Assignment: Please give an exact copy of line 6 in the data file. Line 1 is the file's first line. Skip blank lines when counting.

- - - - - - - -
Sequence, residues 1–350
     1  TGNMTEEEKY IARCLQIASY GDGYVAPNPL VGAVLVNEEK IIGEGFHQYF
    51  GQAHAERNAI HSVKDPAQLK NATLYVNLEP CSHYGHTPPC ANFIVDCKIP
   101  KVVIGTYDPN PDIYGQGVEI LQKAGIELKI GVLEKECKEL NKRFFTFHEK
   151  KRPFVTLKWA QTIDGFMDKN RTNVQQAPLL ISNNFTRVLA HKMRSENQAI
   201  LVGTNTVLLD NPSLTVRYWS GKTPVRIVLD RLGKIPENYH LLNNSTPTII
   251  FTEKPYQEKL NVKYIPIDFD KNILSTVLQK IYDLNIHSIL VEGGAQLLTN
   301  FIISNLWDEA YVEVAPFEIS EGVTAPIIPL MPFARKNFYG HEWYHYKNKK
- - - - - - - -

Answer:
   201  LVGTNTVLLD NPSLTVRYWS GKTPVRIVLD RLGKIPENYH LLNNSTPTII